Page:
Goodbye, Old Friend

Goodbye Chico
You were the best dog this family could ever ask for.

Some days are harder than others. This day just about broke me. We said goodbye to our dog Chico today.

I think the anticipation was the worst. Knowing what was ahead, we tried to cherish the last hours. We let him sleep in our bed last night. I made bacon and gave him some this morning. He lounged in his favorite sunny spot by the back door. It was a pretty idyllic way to spend your last dog day on earth.

My husband, Mark, was supposed to meet me at home so we could go together. But a work meeting ran late, so he had to go directly to the vet. Picking Chico up and carrying him out of the house was awful. Knowing it was the last time. Knowing where we were going.

When we got to the vet’s office, I just held him close, trying to provide some sense of security for him. I was keeping it together pretty well until Mark walked in – gym towel in hand (guys never have kleenex when they need it), already crying the ugly cry. The ride over from the office, with nothing but his thoughts, was the part that got Mark.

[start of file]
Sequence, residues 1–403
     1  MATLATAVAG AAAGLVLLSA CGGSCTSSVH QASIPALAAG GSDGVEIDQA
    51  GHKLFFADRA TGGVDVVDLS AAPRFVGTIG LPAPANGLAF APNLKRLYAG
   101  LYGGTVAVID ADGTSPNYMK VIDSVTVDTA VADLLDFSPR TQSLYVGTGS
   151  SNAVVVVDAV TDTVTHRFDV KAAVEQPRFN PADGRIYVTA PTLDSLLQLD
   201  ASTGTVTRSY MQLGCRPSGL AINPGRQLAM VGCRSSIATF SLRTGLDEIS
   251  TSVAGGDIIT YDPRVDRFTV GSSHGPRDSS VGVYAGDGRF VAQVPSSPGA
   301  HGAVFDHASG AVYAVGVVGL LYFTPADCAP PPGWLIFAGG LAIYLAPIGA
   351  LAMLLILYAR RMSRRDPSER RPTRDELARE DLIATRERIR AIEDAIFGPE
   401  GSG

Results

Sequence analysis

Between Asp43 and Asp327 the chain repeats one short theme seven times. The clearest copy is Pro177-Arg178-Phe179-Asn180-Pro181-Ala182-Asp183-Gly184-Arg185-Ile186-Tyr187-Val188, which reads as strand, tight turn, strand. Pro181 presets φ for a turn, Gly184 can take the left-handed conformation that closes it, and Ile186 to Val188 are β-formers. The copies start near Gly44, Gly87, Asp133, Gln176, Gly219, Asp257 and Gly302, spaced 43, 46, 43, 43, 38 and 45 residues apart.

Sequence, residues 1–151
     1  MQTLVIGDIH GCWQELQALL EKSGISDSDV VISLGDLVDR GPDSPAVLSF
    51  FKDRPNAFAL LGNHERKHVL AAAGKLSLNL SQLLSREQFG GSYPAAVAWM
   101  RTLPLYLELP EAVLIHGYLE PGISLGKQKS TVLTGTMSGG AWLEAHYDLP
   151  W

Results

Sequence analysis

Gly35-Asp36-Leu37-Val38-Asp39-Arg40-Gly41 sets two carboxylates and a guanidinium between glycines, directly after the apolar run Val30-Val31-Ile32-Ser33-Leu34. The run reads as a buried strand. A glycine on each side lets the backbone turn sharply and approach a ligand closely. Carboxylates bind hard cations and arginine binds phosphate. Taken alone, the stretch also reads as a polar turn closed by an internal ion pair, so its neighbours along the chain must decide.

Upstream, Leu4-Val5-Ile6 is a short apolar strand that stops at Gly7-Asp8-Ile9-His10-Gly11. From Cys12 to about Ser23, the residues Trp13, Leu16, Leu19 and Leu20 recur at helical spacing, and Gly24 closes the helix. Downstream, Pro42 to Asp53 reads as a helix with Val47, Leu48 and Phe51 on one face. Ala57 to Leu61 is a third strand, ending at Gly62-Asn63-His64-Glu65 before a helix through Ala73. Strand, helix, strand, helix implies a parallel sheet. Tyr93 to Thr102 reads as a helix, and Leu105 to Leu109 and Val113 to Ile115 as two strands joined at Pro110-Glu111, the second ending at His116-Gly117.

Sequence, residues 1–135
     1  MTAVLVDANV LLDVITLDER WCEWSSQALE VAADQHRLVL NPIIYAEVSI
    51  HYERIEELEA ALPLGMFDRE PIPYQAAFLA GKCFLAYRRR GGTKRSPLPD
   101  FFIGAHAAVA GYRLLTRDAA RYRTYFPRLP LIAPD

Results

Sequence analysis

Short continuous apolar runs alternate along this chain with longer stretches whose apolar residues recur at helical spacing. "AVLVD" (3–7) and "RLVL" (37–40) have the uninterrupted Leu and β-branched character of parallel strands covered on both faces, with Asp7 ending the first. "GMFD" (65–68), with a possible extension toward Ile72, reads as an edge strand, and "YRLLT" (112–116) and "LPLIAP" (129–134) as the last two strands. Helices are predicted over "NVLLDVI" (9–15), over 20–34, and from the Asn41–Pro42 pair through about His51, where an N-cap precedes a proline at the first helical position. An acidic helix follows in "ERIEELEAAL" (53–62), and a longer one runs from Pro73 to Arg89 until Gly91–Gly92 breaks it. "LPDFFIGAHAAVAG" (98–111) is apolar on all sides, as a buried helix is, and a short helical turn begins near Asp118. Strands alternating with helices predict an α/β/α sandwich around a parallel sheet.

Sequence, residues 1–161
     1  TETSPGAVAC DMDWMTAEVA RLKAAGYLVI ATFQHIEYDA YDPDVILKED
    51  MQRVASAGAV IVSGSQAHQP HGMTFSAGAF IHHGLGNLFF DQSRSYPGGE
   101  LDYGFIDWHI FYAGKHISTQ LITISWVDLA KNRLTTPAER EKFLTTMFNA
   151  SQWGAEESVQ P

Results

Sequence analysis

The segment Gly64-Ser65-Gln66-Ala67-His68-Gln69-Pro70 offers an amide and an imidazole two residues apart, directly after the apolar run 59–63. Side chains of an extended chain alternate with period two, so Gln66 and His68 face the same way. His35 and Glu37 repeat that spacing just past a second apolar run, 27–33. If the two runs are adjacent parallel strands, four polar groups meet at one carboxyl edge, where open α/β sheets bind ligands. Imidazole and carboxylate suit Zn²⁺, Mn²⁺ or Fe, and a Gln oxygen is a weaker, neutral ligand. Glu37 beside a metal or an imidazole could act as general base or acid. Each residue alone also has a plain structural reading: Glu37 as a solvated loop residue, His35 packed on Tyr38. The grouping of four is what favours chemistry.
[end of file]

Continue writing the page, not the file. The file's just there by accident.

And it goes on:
After the vet explained the process to us and started to prepare the injections, Mark looked at me, tears streaming down his face, and said “I don’t want to do this.” I almost broke then. But instead I said, “We will never want to do this. This will never be easy. Not today or any day.”

I have to say, the final minutes were quite peaceful. Chico wasn’t shaking or scared. He was just snug in my arms, with soft whispers and gentle petting as he took his last breaths. I am so so very glad we searched for another vet. Our neighbors referred us to Dr. Barry at Skillman Animal Clinic and she could not have been more compassionate or loving.

After we pulled ourselves together, Mark said “I am amazed at how peaceful I am about this. I wasn’t – going into it. But now that it’s done, I know we did the right thing for him.” Cataracts, hips slipping, loss of hearing, skin lesions, and Cushings disease were all having their way with our companion of sixteen years. It was time to let him go.

But telling the children? Well that was a whole ‘nother thing.

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